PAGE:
6. Do you have any recommendations for good elementary clips for teaching social skills?

I love using Inside Out—that’s one of my favorite films to use—and I really like Finding Dory. I also think there are some really great lessons to be told in the Toy Story series about feeling threatened or transition, and I think that’s a film that elementary students enjoy.

In other words, start by watching a film and thinking about what specific social skills you want to teach…I almost guarantee there are clips in there that you can use. But again, animated films are really popular for elementary students, and of course, you can use them for middle and high schoolers as well.

7. The students I have worked with seem to really enjoy seeing themselves in videos. Please tell us about that.

That is such a good point. That’s why a lot of times drama and role-play are really effective when you’re trying to teach social skills. But sometimes the concept is kind of lost after you do the skit, so by video recording the students—the person who asked this question is exactly right—the concept will stick because they absolutely love to see themselves.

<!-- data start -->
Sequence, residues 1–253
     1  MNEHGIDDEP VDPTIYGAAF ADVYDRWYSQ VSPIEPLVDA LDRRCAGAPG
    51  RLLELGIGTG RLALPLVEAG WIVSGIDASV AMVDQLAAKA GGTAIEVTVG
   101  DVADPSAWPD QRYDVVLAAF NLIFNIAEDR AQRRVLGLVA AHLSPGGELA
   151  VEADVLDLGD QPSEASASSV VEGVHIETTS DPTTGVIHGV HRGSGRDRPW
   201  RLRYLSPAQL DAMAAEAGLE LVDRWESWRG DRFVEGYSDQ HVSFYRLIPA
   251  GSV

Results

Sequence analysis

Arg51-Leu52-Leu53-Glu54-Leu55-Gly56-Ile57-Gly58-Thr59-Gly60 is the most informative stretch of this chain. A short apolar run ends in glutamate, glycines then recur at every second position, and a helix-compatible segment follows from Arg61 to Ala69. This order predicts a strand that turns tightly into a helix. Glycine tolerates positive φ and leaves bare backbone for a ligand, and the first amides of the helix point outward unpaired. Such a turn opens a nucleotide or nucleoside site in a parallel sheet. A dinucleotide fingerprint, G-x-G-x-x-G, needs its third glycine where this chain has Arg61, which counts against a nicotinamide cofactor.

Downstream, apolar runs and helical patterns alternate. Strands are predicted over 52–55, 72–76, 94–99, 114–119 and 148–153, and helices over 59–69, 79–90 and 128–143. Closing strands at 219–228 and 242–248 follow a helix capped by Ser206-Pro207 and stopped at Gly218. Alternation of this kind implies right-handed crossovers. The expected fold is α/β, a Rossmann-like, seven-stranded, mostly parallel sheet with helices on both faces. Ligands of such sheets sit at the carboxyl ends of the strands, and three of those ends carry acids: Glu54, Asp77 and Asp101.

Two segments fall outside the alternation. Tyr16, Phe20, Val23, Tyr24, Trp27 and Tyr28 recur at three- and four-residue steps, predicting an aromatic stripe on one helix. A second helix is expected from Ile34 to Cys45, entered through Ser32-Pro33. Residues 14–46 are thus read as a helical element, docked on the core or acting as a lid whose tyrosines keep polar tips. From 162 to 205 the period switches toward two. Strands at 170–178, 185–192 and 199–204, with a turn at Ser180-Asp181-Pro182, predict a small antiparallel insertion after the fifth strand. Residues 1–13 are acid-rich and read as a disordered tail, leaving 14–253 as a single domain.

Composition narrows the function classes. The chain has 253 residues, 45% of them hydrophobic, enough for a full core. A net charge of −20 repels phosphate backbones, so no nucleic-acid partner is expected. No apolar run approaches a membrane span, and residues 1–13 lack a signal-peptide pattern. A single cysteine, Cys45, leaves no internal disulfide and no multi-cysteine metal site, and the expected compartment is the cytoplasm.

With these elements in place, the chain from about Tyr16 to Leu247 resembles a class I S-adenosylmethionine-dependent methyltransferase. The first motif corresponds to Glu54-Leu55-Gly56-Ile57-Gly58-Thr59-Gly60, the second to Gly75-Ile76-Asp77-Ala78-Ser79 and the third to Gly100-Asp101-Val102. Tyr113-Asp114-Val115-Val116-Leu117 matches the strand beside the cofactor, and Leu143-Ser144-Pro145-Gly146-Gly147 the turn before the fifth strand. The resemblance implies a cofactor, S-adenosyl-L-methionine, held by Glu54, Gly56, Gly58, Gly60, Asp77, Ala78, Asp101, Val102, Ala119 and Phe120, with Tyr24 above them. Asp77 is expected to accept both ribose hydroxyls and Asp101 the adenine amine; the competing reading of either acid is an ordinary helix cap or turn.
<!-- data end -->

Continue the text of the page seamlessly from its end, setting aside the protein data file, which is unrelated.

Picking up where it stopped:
Now it’s so much easier to share your own videos than it used to be. And you can use them to show growth as well. For example, I will video record the students in the first quarter doing a skit or acting something out or even giving a presentation and then record them the fourth quarter. Watching each of these allows me to show them the growth that they’ve made throughout the year. This can be really powerful because when the social skills start to generalize, it’s hard for students to remember how much they struggled with this skill previously.

So, data collection and showing growth are another way to use video. But yes, as soon as you put it on the screen, you’ve got everyone’s attention. They’re usually laughing at themselves and enjoying watching themselves with their friends. I think it’s a great way to not only get that involvement, but also to let them watch themselves do the appropriate social skill and remind them how far they’ve come.

8. Is there some sort of online resource library to find good video clips? Maybe on social media? I don’t have a lot of free time to watch movies/TV so I often have a hard time finding good clips to use!

I have been having a lot of luck searching YouTube. Now that my school uses Chromebooks I’ve found it even easier to input these clips into Google Slides. I have listed the steps below for you. It’s easier than you think and once you start using the clips, your students will start to make recommendations for you to use in your classroom.